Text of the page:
If you have married a U.S. citizen or permanent resident, and applied for U.S. lawful permanent residence (a green card) on that basis, an annulment is likely to either complicate or cancel your application process. Much like a divorce, the exact effect will depend on how far along in the application process you are.
If your U.S. spouse has started the process for you by filing a petition on Form I-130, and even if that petition has been approved, you yourself have no rights to reside in the U.S., much less to apply for a green card on the basis of that marriage.
In theory, you still have many application steps ahead of you, such as filing your own application materials and attending an interview. In the course of this, you'd be expected to prove that the marriage is ongoing and your U.S. spouse continues to be willing and able to sponsor you financially (or more literally, pay back the government if you end up needing public assistance). If the interview is held in the United States, your U.S. husband or wife will be expected to attend.
The purpose of family-based green cards is to promote family unity, and after an annulment, the immigration laws figure there's no family in such a case to unify.
Unless you had already been married for two years or more when you applied for the green card, you will have received conditional residence status (which is essentially a green card, but one that expires in two years unless you prove that you deserve a permanent green card).
If you did receive conditional residence, it's possible to go forward toward a permanent green card even after an annulment. However, you'll need to request a waiver of the usual requirement that you and your U.S. spouse jointly file the petition asking to convert from conditional to permanent residence (Form I-751).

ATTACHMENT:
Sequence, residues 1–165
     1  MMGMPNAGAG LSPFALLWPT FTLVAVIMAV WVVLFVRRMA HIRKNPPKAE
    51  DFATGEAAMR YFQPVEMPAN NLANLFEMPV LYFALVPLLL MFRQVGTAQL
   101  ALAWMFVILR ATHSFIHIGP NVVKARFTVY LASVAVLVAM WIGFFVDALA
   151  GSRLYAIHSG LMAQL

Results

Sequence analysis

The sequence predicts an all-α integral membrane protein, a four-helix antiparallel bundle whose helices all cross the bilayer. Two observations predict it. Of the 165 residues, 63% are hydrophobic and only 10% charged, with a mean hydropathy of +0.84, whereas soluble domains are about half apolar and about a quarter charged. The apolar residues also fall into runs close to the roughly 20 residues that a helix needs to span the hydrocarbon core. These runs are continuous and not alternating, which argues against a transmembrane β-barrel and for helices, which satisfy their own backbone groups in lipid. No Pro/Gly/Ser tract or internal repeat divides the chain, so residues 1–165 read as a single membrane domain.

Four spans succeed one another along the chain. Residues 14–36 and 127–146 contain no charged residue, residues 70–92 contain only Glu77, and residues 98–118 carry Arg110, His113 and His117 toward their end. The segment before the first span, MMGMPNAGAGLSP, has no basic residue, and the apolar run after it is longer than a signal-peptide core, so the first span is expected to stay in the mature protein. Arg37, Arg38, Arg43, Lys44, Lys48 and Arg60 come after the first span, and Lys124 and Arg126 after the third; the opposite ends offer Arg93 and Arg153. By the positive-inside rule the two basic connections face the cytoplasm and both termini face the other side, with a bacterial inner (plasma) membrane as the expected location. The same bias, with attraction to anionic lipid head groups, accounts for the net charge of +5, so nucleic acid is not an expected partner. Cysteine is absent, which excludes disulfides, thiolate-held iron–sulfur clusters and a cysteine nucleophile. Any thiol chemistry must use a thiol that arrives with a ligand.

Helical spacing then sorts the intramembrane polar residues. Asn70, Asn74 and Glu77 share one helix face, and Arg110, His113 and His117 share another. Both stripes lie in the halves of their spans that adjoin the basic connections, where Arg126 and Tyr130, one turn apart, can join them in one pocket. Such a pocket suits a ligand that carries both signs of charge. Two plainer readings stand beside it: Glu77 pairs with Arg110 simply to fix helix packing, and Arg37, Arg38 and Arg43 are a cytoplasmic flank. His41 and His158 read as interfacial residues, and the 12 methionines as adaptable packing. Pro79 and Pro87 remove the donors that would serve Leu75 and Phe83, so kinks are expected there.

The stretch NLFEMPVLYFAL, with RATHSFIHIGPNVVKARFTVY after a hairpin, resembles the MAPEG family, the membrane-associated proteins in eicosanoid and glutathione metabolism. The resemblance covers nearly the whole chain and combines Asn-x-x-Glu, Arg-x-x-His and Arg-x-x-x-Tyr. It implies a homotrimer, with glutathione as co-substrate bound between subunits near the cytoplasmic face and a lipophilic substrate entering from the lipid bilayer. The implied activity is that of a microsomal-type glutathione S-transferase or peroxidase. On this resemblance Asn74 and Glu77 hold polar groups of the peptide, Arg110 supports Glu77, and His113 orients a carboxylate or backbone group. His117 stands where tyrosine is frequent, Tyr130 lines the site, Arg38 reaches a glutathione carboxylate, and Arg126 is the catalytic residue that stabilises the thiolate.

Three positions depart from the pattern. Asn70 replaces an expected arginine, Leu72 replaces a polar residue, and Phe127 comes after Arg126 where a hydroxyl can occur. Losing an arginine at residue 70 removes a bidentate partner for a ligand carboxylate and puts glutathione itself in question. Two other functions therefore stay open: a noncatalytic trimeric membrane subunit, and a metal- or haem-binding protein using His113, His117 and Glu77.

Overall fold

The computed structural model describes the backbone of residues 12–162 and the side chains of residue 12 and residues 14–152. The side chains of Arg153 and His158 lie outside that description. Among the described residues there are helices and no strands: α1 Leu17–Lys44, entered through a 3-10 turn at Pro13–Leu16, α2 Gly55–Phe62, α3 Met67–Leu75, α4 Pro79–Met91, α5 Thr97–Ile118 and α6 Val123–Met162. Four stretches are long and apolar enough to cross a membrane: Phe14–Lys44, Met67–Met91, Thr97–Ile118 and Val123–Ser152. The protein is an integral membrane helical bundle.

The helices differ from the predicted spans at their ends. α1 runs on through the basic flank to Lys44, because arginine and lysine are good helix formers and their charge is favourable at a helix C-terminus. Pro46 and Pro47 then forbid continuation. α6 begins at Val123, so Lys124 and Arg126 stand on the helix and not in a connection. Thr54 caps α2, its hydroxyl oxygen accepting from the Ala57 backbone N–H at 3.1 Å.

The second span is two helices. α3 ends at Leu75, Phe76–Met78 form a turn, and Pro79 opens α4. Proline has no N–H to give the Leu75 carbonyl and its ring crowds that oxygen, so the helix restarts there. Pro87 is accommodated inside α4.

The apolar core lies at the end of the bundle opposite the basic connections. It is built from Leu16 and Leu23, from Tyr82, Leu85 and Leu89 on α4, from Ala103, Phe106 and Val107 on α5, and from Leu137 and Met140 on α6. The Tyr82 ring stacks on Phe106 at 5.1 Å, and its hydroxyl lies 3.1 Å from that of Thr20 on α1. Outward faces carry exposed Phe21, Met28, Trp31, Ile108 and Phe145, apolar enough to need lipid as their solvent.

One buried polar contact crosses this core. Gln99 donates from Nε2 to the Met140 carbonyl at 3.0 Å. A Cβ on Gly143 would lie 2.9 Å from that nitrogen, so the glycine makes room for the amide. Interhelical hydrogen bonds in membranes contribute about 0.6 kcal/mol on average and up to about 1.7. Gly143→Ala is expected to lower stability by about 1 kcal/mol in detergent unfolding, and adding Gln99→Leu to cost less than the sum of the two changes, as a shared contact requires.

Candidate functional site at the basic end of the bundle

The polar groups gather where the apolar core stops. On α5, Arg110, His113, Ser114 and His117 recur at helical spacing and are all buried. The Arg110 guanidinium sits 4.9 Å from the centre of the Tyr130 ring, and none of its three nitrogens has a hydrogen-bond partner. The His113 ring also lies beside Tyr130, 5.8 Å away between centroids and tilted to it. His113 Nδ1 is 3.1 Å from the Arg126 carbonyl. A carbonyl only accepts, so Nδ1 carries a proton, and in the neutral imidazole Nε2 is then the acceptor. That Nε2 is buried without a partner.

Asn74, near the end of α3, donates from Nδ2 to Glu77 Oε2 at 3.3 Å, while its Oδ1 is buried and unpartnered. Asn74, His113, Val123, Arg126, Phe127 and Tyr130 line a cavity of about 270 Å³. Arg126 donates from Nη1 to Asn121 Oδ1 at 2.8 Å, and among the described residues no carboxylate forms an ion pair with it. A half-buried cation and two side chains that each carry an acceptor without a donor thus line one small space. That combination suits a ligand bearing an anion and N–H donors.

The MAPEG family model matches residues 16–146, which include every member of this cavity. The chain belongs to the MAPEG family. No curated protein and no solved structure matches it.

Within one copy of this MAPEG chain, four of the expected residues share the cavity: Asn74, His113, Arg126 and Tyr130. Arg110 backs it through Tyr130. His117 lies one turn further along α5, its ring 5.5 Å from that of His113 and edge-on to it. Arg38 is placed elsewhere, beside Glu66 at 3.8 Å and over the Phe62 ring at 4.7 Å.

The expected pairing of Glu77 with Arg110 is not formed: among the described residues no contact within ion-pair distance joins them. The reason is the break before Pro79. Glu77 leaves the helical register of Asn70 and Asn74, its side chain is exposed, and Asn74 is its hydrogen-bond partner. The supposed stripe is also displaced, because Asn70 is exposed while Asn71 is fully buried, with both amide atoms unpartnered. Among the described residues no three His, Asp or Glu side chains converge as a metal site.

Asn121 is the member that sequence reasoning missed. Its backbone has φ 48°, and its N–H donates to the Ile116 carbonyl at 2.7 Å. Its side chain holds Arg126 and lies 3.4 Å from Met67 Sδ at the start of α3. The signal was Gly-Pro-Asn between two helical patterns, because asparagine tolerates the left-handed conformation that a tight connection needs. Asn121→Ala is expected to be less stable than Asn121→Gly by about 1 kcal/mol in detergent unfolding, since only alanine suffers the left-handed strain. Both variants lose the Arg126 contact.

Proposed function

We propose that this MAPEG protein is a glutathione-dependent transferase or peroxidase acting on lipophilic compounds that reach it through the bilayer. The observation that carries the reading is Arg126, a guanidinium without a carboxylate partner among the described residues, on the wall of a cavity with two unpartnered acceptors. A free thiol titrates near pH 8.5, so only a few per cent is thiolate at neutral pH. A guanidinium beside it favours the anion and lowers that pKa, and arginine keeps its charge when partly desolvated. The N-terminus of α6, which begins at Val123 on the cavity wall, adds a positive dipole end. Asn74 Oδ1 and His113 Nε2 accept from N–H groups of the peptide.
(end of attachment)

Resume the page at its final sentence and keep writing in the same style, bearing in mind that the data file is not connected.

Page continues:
To request such a waiver, you'll need to prove that:
You'll need to provide documents from the last two years showing that your marriage was the real thing. The same kinds of documents that you've shown the immigration authorities before will help: evidence of having bought or rented a house together, of having combined your finances with joint bank accounts and credit cards, photos from vacations together, and so forth, will all be helpful. But make sure they're more recent than the documents you presented with your green card application.
Realize also that you're not trying to prove you had a good marriage! Even letters from marriage counselors and the like can help prove that it was the real thing. Struggling with marital issues is something that many real couples go through.
You'll also need a copy of your annulment certificate. If the annulment isn't yet final by the time you need to file Form I-751 (which is due within the 90 days before the expiration of your conditional resident status), that can be problematic. Talk to an attorney. And whatever you do, get the Form I-751 turned in to USCIS on time, even if you don't have the certificate yet. (You'll probably then receive a Request for Evidence, with a deadline some weeks in the future.)
See Documents Needed for Filing an I-751 Form for more on what you're trying to show, and how to show it.
If the annulment isn't yet final, you might also look for alternative grounds upon which to request a waiver, such as if you were the victim of battery or extreme cruelty by your U.S. spouse, or would face extreme hardship if removed from the United States.
If you've already received U.S. permanent resident (a green card that doesn't expire in two years), an annulment should not affect you. You have a legal right to retain that status, assuming the original marriage was not a fraud to obtain a green card.
However, if and when you apply for U.S. citizenship, USCIS will have another opportunity to look into whether your marriage was a real thing. You can expect the annulment to raise questions, and should collect and save any documents showing your attempts to make a life together, which you'll likely be asked to present to USCIS at or following your citizenship interview.